To further enhance students’ skills with vulnerable populations, the Communications Lab also has sessions that give them experience with limited English proficiency patients where pharmacy students also learn how to work with interpreters in a three-way conversation.

“You can talk at somebody all you want, but if they’re not understanding, it’s worthless,” says Chewning. “Improving these interactions to positively impact patients of all backgrounds is at the heart of what we’re trying to do.”

Classroom to pharmacy practice

Student pharmacists pair their learning in the classroom with clinical training through experiential rotations beginning in their first year of the PharmD program. By watching pharmacists work in different practice settings with a range of patients, PharmD students gain a greater understanding of their role as the most accessible health care provider.

To ensure PharmD students are prepared to serve medically underserved populations, all PharmD students complete an Introductory Pharmacy Practice Experience (IPPE) clinical rotation with medically underserved patients.

“Our PharmD students will care for a breadth of patient populations wherever they decide to practice,” says Assistant Dean for Experiential Education Mara Kieser (BS ’81, MS ’84). “To know our students are prepared, we built meaningful interactions with medically underserved and vulnerable populations into the experiential curriculum so students can see firsthand what challenges these patients face and how pharmacists can help address them, bringing their classroom work into practice.”

Amy Wolff, Rachael Kruse, Judy Zheng, and Nicholas Berres
PharmD student Amy Wolff, pharmacist preceptor Rachael Kruse (PharmD ’18), PharmD student Judy Zheng, and pharmacist preceptor Nicholas Berres (PharmD ’13) at a rotation site at the Yukon-Kuskokwim Health Corporation in Alaska, which serves medically underserved populations.

Associate Professor of Pharmacy Practice Amanda Margolis (PharmD ’09, MS ’17) spearheaded a group reviewing all of the sites hosting PharmD students for IPPEs and Advanced Pharmacy Practice Experiences (APPEs) to get a greater understanding of the patient populations with whom students interact.

In order to survey preceptors about their patients, the team first needed to define medically underserved patients.

“We generally adopted the Health and Human Services (HHS) definition, with a few tweaks,” says Margolis. The HHS definition includes minority populations and those that have experienced disparities, including rural patients, individuals with disabilities, Medicaid-eligible patients who are not enrolled in coverage, refugees, and more. Importantly, these individuals receive fewer healthcare services, encounter barriers to primary care services, and can be unfamiliar with the healthcare system.  

“The idea is that if one in five patients is from one of these categories, we know that our students will interact with them during their rotation,” says Margolis.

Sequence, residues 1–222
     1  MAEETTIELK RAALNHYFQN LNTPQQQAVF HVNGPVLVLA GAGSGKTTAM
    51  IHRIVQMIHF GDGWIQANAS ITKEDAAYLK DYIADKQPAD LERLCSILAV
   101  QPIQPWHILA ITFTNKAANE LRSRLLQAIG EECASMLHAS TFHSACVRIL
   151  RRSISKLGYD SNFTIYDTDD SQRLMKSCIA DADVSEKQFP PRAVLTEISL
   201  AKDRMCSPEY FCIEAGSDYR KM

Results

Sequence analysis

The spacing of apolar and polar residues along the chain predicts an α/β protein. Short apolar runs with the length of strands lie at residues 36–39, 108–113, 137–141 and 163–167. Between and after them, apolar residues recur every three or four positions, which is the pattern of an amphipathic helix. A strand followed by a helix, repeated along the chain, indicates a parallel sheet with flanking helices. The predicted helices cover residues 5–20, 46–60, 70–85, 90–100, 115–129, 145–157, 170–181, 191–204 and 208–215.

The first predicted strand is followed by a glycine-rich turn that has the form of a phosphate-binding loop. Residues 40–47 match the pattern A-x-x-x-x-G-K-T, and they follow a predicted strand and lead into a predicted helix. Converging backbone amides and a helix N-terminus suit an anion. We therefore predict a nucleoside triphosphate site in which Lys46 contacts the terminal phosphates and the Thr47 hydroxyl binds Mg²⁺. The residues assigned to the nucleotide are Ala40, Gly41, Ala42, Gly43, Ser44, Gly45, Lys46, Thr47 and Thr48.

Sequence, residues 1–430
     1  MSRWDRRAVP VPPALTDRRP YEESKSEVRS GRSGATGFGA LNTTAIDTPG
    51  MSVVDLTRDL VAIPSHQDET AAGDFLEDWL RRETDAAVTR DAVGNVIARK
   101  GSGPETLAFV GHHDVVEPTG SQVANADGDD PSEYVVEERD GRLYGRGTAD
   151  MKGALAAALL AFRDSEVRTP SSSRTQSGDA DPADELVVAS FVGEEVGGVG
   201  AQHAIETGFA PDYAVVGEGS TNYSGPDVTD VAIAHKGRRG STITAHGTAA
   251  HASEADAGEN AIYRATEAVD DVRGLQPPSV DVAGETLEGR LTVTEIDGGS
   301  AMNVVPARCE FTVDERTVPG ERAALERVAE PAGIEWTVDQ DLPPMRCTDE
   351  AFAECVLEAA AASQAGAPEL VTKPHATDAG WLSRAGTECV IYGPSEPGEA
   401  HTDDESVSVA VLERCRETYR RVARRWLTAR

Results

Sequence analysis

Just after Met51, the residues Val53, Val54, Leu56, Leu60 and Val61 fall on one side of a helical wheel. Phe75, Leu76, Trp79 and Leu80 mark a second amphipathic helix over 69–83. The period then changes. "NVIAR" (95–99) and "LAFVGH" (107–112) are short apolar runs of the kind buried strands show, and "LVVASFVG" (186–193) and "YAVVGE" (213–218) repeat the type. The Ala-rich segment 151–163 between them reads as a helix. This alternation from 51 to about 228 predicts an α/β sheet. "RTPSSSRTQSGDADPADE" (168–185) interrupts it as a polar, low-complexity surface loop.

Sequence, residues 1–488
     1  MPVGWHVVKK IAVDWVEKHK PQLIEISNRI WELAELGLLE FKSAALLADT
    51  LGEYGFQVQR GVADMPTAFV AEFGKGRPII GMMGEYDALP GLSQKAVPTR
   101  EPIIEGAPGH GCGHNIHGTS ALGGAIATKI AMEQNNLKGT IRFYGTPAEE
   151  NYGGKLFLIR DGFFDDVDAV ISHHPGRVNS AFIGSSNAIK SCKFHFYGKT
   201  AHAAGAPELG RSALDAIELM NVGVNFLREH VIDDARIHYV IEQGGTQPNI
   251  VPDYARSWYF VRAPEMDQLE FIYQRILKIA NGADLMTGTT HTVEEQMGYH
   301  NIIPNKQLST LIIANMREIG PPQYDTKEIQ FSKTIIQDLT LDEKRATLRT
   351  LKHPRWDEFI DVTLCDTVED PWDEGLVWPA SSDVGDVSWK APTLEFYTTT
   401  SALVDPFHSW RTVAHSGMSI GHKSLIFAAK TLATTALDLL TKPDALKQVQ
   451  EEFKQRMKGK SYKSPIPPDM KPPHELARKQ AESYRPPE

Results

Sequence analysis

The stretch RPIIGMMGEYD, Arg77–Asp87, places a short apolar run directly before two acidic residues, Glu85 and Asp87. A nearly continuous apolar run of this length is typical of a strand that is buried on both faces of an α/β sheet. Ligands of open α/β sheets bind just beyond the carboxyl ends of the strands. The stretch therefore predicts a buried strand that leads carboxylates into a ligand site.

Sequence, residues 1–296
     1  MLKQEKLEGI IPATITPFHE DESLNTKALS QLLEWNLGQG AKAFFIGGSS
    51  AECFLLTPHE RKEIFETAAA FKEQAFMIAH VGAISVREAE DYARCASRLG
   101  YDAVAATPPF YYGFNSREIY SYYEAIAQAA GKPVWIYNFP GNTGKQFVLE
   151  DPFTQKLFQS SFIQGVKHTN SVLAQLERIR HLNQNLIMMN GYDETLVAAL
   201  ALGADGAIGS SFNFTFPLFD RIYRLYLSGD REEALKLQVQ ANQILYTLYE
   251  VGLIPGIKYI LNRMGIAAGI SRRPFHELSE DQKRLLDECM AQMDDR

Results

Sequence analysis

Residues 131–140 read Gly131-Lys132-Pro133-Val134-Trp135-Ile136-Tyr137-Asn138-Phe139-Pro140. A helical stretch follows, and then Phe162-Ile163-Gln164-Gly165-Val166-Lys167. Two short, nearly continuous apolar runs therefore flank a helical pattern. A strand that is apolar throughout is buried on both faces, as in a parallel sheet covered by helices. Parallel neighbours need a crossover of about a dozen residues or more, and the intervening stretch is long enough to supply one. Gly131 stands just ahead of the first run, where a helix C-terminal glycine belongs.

The initial evaluations showed that students have been meeting the goal of completing an experiential rotation with medically underserved patients for several years, so the team then turned to the real intention of the strategic plan initiative: to have students learn how to improve their care.

“Our PharmD students will encounter a breadth of patient populations wherever they decide to practice.”
—Mara Kieser

After rotations, PharmD students complete reflections that give them the chance to process the experience, review what they learned, and think about new or unexpected situations and how they were resolved. The students’ reflections also serve to improve the curriculum, giving faculty insight on whether the rotations need to be preceded or followed by certain topics to help students connect their classroom learning with their clinical training experiences.

“With the addition of reflections, discussions, and other activities in each year of the program, students are gaining patient experiences and are also being prepared to better serve medically underserved populations,” says Associate Professor of Pharmacy Practice Andrea Porter (PharmD ’06).

Patient-centered care

“I will promote inclusion, embrace diversity, and advocate for justice to advance health equity.” So reads the Oath of a Pharmacist, created by the American Pharmacists Association and American Association of Colleges of Pharmacy (AACP) and taken by each graduating pharmacy student across the nation.

Maria Hill stands in front of a red School of Pharmacy photo background.
PharmD student Maria Hill.

As one of the top pharmacy schools in the country, the UW–Madison School of Pharmacy aims to ensure that its PharmD students are prepared to meet each promise within the Oath, including the commitment to health equity. 

According to the most recent AACP Graduating Students Survey, 95 percent of UW–Madison PharmD students indicated that they could identify healthcare disparities in 2022, up 10 percentage points from 2019. Significant strides were made on AACP’s expectations of recognizing and addressing disparities in healthcare access and delivery where 96 percent of UW–Madison students agreed they could, compared to 84 percent in 2019. And 99 percent of PharmD students said they had direct interactions with diverse patient populations during the School’s experiential education program.

“The preparation we receive to help underserved patients is so important because, regardless of where we practice, we want to make sure we are providing inclusion-forward care,” says fourth-year PharmD student Maria Hill. “It’s important to think about the issues impacting health equity and develop ideas on how to overcome them before we get into the workplace. In this way, the UW has done a great job preparing me for my future patients.”